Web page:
This topic is for cases when you want to interop with, or port, code that works at the Application Binary Interface (ABI) layer.

Converting to and from ABI types in code

For safety and simplicity, for conversions in both directions you can simply use winrt::com_ptr, com_ptr::as, and winrt::Windows::Foundation::IUnknown::as. Here's a code example (based on the Console App project template), which also illustrates how you can use namespace aliases for the different islands to deal with otherwise potential namespace collisions between the C++/WinRT projection and the ABI.

// pch.h
#pragma once
#include <windows.foundation.h>
#include <unknwn.h>
#include "winrt/Windows.Foundation.h"

// main.cpp
#include "pch.h"

namespace winrt
{
    using namespace Windows::Foundation;
}

namespace abi
{
    using namespace ABI::Windows::Foundation;
};

int main()
{
    winrt::init_apartment();

    winrt::Uri uri(L"http://aka.ms/cppwinrt");

    // Convert to an ABI type.
    winrt::com_ptr<abi::IStringable> ptr{ uri.as<abi::IStringable>() };

    // Convert from an ABI type.
    uri = ptr.as<winrt::Uri>();
    winrt::IStringable uriAsIStringable{ ptr.as<winrt::IStringable>() };
}

The implementations of the as functions call QueryInterface. If you want lower-level conversions that only call AddRef, then you can use the winrt::copy_to_abi and winrt::copy_from_abi helper functions. This next code example adds these lower-level conversions to the code example above.

int main()
{
    // The code in main() already shown above remains here.

    // Lower-level conversions that only call AddRef.

    // Convert to an ABI type.
    ptr = nullptr;
    winrt::copy_to_abi(uri, *ptr.put_void());

    // Convert from an ABI type.
    uri = nullptr;
    winrt::copy_from_abi(uri, ptr.get());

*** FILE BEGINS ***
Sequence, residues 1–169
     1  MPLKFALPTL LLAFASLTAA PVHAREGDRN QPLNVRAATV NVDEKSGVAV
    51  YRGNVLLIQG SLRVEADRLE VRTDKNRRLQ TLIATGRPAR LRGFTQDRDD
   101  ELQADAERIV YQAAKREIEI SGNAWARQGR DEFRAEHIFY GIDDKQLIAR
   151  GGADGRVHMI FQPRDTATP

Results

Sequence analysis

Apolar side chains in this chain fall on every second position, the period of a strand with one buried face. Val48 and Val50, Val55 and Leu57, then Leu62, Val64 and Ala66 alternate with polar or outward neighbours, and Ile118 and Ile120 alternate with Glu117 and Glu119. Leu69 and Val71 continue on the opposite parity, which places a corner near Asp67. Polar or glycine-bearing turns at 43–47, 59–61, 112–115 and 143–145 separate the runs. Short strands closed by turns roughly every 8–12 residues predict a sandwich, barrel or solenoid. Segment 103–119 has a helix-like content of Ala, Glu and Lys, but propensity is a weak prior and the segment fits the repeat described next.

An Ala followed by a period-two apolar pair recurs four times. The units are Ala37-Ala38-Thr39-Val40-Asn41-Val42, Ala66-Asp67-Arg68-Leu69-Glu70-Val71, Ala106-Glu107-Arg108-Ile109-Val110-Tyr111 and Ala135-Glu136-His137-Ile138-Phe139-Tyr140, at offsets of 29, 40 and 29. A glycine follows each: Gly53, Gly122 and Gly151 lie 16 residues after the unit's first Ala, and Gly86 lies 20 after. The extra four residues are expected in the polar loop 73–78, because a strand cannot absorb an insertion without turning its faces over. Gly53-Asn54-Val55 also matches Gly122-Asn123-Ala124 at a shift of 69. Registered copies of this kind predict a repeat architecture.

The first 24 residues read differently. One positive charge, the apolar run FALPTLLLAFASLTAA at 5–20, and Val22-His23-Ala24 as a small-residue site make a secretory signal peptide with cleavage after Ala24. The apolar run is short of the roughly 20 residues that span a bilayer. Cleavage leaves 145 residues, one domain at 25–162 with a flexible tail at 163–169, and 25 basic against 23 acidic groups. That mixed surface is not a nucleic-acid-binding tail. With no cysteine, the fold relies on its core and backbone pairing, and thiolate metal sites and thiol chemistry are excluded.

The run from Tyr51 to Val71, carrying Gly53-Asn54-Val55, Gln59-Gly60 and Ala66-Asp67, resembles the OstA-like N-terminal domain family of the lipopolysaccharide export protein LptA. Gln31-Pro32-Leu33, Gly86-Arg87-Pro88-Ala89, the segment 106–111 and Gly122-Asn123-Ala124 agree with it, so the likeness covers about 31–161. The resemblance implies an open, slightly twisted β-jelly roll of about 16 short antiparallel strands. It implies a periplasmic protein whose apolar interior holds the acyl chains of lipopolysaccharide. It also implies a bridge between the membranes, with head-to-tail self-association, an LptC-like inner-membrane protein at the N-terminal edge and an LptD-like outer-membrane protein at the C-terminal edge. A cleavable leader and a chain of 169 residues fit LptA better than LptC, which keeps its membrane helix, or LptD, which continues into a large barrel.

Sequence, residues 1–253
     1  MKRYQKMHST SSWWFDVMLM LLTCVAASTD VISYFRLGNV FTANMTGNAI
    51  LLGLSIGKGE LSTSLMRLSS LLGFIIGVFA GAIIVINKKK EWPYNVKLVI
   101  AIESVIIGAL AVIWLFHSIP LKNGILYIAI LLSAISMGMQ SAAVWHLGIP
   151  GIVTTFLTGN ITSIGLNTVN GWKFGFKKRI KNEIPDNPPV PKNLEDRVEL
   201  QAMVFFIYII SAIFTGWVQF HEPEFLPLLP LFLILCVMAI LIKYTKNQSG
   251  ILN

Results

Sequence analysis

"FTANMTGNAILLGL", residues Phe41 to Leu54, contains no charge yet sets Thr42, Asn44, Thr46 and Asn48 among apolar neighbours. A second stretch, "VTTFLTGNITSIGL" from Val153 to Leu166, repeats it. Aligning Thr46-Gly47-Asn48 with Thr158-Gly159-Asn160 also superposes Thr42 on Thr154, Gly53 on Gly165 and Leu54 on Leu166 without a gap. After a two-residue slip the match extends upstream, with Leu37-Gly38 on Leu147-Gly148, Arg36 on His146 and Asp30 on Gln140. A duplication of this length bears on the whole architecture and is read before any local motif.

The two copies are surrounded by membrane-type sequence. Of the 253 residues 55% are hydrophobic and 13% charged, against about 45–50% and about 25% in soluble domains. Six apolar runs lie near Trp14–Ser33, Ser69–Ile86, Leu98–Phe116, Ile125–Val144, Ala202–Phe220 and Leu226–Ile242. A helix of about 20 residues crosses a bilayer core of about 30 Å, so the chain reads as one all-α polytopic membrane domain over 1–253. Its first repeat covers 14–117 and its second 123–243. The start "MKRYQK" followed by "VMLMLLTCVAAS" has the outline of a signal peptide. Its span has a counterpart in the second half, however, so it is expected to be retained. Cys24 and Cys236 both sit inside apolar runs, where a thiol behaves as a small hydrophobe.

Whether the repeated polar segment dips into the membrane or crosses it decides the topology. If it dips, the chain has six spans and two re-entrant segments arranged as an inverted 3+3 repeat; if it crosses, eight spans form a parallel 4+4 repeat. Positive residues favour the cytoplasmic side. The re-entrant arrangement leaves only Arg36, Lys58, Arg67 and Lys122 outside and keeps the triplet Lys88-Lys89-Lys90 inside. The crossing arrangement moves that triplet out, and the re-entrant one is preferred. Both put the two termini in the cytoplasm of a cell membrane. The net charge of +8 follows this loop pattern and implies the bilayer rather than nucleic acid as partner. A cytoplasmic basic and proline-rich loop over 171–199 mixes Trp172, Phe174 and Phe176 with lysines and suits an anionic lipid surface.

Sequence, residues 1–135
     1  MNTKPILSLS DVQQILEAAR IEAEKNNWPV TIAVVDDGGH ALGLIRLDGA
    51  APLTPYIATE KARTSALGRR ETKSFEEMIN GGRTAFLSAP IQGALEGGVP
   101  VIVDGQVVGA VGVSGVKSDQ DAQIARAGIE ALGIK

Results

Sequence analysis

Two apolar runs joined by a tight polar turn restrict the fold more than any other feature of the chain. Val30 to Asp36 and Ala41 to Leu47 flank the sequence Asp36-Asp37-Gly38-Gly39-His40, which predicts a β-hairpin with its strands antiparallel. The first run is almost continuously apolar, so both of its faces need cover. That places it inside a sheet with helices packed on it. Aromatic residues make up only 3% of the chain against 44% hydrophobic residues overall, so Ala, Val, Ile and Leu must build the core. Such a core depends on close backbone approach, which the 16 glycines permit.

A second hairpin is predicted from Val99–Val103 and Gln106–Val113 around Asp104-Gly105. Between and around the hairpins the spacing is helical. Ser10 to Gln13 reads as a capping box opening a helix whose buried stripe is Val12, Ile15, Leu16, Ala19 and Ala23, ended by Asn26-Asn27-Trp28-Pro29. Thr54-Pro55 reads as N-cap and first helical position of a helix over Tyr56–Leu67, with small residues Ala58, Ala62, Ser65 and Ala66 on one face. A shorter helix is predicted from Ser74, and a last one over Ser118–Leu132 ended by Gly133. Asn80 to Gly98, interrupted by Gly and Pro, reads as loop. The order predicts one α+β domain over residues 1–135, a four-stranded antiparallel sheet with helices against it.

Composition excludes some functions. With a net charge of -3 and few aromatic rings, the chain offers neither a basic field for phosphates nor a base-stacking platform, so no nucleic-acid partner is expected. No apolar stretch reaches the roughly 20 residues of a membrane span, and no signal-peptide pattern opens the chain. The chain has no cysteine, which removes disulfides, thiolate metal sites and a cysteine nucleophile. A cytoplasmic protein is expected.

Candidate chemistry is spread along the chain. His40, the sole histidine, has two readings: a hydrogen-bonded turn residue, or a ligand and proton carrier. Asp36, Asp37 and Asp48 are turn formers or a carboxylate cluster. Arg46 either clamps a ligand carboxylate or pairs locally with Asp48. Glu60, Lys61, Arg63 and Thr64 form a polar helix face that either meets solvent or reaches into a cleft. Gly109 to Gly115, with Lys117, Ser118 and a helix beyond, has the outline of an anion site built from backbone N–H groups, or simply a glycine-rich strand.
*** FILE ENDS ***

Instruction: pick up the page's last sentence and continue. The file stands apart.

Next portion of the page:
ptr = nullptr;
}

Here are other similarly low-level conversions techniques but using raw pointers to ABI interface types (those defined by the Windows SDK headers) this time.

    // The code in main() already shown above remains here.

    // Copy to an owning raw ABI pointer with copy_to_abi.
    abi::IStringable* owning{ nullptr };
    winrt::copy_to_abi(uri, *reinterpret_cast<void**>(&owning));

    // Copy from a raw ABI pointer.
    uri = nullptr;
    winrt::copy_from_abi(uri, owning);
    owning->Release();

For the lowest-level conversions, which only copy addresses, you can use the winrt::get_abi, winrt::detach_abi, and winrt::attach_abi helper functions.

WINRT_ASSERT is a macro definition, and it expands to _ASSERTE.

    // The code in main() already shown above remains here.

    // Lowest-level conversions that only copy addresses

    // Convert to a non-owning ABI object with get_abi.
    abi::IStringable* non_owning{ static_cast<abi::IStringable*>(winrt::get_abi(uri)) };
    WINRT_ASSERT(non_owning);

    // Avoid interlocks this way.
    owning = static_cast<abi::IStringable*>(winrt::detach_abi(uri));
    WINRT_ASSERT(!uri);
    winrt::attach_abi(uri, owning);
    WINRT_ASSERT(uri);

convert_from_abi function

This helper function converts a raw ABI interface pointer to an equivalent C++/WinRT object, with minimal overhead.

template <typename T>
T convert_from_abi(::IUnknown* from)
{
    T to{ nullptr };

    winrt::check_hresult(from->QueryInterface(winrt::guid_of<T>(),
        reinterpret_cast<void**>(winrt::put_abi(to))));

    return to;
}